The judgment is reversed, and the finding is set aside. A judgment of not guilty is to be entered.
General Laws c. 272, Section 7, as appearing in St. 1980, c. 409, provides: "Whoever, knowing a person to be a prostitute, shall live or derive support or maintenance, in whole or in part, from the earnings or proceeds of his prostitution, from moneys loaned, advanced to or charged against him by any keeper or manager or inmate of a house or other place where prostitution is practiced or allowed, or shall share in such earnings, proceeds or moneys, shall be punished by imprisonment in the state prison for a period of five years and by a fine of five thousand dollars.
"The sentence of imprisonment imposed under this section shall not be reduced to less than two years, nor suspended, nor shall any person convicted under this section be eligible for probation, parole, or furlough or receive any deduction from his sentence for good conduct or otherwise until he shall have served two years of such sentence. Prosecutions commenced under this section shall not be continued without a finding nor placed on file."
General Laws c. 272, Section 53, as appearing in St. 1983, c. 66, Section 1, provides: "Common night walkers, common street walkers, both male and female, common railers and brawlers, persons who with offensive and disorderly acts or language accost or annoy persons of the opposite sex, lewd,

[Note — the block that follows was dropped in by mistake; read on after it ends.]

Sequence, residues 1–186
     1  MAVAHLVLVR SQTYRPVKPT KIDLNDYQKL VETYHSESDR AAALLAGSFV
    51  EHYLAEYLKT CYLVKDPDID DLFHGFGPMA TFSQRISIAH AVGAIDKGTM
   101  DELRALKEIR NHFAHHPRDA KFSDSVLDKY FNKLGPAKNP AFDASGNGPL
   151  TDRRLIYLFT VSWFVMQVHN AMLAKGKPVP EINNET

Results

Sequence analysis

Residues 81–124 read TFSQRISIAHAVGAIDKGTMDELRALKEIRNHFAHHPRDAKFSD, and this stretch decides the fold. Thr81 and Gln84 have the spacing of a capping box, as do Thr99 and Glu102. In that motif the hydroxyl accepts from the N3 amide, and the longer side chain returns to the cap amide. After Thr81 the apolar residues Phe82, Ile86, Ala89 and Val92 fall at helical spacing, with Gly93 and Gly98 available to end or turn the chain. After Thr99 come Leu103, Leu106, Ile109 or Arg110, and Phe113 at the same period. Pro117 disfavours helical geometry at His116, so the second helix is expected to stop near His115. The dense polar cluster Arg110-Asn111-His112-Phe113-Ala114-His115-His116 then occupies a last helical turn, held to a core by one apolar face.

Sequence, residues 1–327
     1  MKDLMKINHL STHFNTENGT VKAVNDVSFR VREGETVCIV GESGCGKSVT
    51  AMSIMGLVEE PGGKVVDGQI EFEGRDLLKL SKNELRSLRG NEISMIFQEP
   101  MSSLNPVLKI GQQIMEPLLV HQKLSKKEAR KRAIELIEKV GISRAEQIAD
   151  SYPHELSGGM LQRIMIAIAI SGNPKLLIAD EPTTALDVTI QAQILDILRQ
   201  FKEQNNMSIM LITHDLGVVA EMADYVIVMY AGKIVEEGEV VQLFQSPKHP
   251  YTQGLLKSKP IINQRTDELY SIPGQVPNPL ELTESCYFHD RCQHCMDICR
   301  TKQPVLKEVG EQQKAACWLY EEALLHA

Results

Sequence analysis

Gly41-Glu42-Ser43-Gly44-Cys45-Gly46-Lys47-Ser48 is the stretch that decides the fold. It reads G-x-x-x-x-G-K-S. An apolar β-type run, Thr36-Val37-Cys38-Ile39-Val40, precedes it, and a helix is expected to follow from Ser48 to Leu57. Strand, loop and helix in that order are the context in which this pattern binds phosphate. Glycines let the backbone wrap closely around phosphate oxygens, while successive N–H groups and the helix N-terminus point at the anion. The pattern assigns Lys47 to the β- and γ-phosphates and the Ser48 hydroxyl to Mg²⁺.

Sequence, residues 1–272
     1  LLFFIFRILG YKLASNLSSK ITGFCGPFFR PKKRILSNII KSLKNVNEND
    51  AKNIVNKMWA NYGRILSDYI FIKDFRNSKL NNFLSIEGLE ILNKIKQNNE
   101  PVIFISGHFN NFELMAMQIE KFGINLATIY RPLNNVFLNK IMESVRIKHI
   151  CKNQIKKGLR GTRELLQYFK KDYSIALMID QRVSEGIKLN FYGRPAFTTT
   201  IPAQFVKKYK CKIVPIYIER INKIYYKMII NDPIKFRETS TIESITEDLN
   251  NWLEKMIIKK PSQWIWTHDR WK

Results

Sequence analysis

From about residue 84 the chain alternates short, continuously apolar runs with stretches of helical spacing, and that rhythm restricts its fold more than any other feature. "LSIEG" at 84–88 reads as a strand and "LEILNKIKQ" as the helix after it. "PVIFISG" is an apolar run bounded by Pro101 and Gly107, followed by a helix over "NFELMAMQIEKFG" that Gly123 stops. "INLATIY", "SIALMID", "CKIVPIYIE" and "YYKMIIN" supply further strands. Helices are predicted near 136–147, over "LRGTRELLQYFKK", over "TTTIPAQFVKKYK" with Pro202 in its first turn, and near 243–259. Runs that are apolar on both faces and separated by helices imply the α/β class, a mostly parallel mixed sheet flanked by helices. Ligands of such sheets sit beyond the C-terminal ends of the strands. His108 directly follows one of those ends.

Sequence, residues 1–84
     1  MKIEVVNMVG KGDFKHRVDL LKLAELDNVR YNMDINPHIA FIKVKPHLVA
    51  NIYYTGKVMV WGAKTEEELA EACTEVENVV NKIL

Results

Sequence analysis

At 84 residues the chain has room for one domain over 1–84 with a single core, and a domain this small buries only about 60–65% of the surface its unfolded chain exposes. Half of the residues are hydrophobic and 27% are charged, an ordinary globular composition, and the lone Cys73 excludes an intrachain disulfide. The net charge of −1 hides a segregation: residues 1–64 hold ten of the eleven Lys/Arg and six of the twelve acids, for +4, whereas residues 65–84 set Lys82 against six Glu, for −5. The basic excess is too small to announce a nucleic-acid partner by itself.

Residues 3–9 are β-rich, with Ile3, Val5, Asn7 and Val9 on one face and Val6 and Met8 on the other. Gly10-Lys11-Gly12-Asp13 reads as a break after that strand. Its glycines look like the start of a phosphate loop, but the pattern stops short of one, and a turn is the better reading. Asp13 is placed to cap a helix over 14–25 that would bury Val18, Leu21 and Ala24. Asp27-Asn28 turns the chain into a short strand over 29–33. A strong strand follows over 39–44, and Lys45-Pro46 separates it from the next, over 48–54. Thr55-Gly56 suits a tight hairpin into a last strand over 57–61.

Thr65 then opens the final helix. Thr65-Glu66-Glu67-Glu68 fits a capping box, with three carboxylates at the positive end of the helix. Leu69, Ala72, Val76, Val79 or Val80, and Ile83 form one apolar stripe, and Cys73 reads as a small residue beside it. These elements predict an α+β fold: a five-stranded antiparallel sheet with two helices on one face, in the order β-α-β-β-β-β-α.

wanton and lascivious persons in speech or behavior, idle and disorderly persons, disturbers of the peace, keepers of noisy and disorderly houses, and persons guilty of indecent exposure may be punished by imprisonment in a jail or house of correction for not more than six months, or by a fine of not more than two hundred dollars, or by both such fine and imprisonment."
General Laws c. 272, Section 53A, as inserted by St. 1983, c. 66, Section 2, provides: "Any person who engages, agrees to engage, or offers to engage in sexual conduct with another person in return for a fee, or any person who pays, agrees to pay or offers to pay another person to engage in sexual conduct, or to agree to engage in sexual conduct with another natural person may be punished by imprisonment in a jail or house of correction for not more than one year, or by a fine of not more than five hundred dollars, or by both such fine and imprisonment."
[Note 1] The statute is set forth in full in the Appendix to this opinion.
[Note 2] We infer this purpose from the title of the act, "An Act increasing the penalty for a so-called pimp or purveyor," St. 1980, c. 409. See Commonwealth v. Lightfoot, 391 Mass. 718 , 721 (1984). As put by Judge Learned Hand, the task of statutory interpretation is "the proliferation of purpose." Frankfurter, Some Reflections on the Reading of Statutes, 47 Colum.L.Rev. 527, 529 (1947).
[Note 3] The Commonwealth argues that Dorothy supplied the defendant with drugs as well as occasional gas money. The evidence as to drugs was marginal. Even if we were to assume that Dorothy often shared drugs with the defendant, our result would not be different.
[Note 4] In Webster's Third New International Dictionary 1717 (1971), pimp is defined as: "1 a: one who panders or procures; esp.: a man who solicits for a prostitute or a house of prostitution and receives compensation therefor from the prostitute or the patron b: a man who cohabits with a prostitute, lives off her earnings, and often solicits for her -- called also cadet."
In the American Heritage Dictionary of the English Language 994 (1976), "pimp" is defined as: "a procurer; pander. -- intr. v. pimped, pimping."